- Social Security’s Windfall Elimination Provision reduces a Social Security worker benefit for time you spent working for a non-Social Security employer. Social Security calculates this reduction, and you can learn more here.
- Your PERA benefit will never be reduced by Social Security or any other retirement plan.
3. Maximize Your PERA Income
Understanding how your PERA benefit will be calculated will help you maximize the benefits of your membership in PERA both while you are working and throughout your lifetime. From the financial security of survivor and disability benefits, to the monthly lifetime income you will qualify for in retirement, PERA has several resources to help you prepare for retirement.
- Your member dashboard includes everything from your account beneficiaries to your projected monthly benefit. You should log into your account on a regular basis to track your PERA benefit.
- One of the main factors in calculating your defined benefit is your Highest Average Salary (HAS). You can monitor it on your dashboard and be aware of factors that may affect it, including pre-tax contributions to things like health care premiums, dependent care, and flexible spending accounts if you were hired prior to 7/1/2019 (tax deferred savings to retirement accounts do not affect your HAS).
- Another key factor in your defined benefit calculation is your service credit, or the amount of time you have worked for a PERA employer. If you have worked for a non-PERA employer and want to add to your service credit calculation, you may want to consider purchasing service credit to increase your benefit amount or even retire earlier.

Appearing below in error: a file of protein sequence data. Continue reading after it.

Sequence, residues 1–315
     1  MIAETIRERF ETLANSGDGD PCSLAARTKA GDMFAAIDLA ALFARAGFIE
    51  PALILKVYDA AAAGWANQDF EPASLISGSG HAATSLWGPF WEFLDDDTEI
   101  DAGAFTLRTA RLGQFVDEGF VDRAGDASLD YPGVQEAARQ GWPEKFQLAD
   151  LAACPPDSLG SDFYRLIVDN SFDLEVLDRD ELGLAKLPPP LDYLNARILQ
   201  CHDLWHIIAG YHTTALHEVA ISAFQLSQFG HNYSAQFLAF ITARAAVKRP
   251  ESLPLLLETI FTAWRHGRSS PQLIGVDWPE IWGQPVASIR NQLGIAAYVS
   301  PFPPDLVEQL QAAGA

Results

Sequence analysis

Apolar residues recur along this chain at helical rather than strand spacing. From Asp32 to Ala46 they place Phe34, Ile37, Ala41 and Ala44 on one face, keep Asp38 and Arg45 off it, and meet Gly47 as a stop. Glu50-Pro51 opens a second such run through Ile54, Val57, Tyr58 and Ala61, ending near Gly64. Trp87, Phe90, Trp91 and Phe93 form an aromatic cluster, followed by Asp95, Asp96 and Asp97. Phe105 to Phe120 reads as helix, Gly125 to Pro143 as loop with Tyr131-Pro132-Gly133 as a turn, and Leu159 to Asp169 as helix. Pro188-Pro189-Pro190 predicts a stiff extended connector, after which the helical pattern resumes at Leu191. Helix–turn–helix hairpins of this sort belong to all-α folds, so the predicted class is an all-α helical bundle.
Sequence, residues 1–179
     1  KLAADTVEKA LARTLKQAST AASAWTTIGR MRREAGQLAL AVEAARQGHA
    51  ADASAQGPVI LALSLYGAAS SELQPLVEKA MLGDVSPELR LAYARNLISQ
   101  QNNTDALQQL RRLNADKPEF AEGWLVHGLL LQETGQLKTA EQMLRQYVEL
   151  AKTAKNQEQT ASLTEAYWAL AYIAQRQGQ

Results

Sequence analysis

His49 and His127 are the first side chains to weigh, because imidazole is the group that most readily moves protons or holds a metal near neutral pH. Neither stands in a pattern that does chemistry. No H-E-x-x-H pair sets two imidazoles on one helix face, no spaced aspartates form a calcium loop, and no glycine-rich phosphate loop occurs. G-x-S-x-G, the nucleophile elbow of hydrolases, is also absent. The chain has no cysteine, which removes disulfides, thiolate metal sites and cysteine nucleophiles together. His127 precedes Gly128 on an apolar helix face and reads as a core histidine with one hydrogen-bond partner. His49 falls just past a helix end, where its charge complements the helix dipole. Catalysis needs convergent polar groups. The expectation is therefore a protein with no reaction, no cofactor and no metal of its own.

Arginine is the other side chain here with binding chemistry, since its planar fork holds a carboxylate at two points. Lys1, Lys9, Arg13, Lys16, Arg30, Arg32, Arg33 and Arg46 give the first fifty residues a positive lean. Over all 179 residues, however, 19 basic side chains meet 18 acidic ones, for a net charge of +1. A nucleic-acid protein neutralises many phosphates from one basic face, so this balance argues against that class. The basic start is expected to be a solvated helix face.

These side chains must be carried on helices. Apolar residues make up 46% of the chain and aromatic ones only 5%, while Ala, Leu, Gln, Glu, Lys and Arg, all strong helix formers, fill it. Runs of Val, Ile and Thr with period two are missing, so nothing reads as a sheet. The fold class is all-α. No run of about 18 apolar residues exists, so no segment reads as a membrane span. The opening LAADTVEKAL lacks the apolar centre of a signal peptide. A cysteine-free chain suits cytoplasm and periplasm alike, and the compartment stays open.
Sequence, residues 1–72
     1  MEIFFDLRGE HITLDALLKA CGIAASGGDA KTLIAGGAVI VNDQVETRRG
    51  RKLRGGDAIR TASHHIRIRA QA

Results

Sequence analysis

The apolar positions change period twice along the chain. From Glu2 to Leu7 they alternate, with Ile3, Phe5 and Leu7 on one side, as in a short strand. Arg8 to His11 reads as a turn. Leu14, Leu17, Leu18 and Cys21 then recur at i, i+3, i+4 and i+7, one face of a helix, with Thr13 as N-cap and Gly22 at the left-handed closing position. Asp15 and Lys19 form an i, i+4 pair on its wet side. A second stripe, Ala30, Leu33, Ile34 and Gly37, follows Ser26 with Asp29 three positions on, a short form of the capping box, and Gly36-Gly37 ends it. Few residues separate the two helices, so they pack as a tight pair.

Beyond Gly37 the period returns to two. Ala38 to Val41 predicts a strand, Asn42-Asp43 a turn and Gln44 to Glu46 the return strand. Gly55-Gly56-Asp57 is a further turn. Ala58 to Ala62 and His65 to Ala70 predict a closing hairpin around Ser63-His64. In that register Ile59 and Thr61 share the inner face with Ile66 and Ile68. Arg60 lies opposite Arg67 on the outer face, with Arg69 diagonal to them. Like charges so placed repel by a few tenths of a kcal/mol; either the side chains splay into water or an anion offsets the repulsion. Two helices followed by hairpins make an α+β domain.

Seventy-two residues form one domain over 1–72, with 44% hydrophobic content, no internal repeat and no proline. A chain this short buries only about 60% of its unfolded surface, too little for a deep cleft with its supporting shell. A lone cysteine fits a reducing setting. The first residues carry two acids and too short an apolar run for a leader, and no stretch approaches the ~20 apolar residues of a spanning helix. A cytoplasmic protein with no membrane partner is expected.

- PERA has several calculators available to you to help plan for retirement. If you log in to your member dashboard, the calculators will auto populate with your personalized information, including your HAS, service credit, and retirement eligibility. Check them out!
4. Reduce Debt
Everyone has different life circumstances and may be entering retirement with various levels of debt. If you can prepare for retirement by reducing the amount of debt you have, it may provide you with the following benefits:
- Reducing your debt reduces your expenses and provides more flexibility with deciding how to cover major expenses. Since you will have more money available to pay for the unexpected, you may be able to avoid incurring new debts.
- Taking on new debts in retirement may be unavoidable or just be a better financial option. Being prepared and having flexibility in your budget when you are no longer working may require you to really focus on eliminating most debt prior to retirement.
- You may miss a few “paychecks” between the time you stop working and your first retirement benefit check, so paying down your debt now can help you lower your expenses in retirement and continue your lifestyle without having to go back to work.
5. Plan for Inflation
Inflation is a decrease in the purchasing power of money, reflected in a general increase in the prices of goods and services in the economy. This means that a dollar today will be worth less in the future because it will buy less. As a retiree, being prepared to offset the effects of inflation either through saving more money now or spending less later (such as by reducing debt), will help you live your best life in retirement.
- As of May 2022, the 10-year breakeven inflation rate was 2.86%, while the Federal Reserve aims for a 2% rate of inflation, on average.
- The Annual Increase paid to PERA benefit recipients will be 1% in July 2022. The Automatic Adjustment Provision can adjust the amount up or down, within limits.
- With a 2% rate of inflation, the cost of goods and services doubles in about 35 years, so think about how long you plan to be retired and ways you can prepare yourself – and your finances – for a rewarding retirement.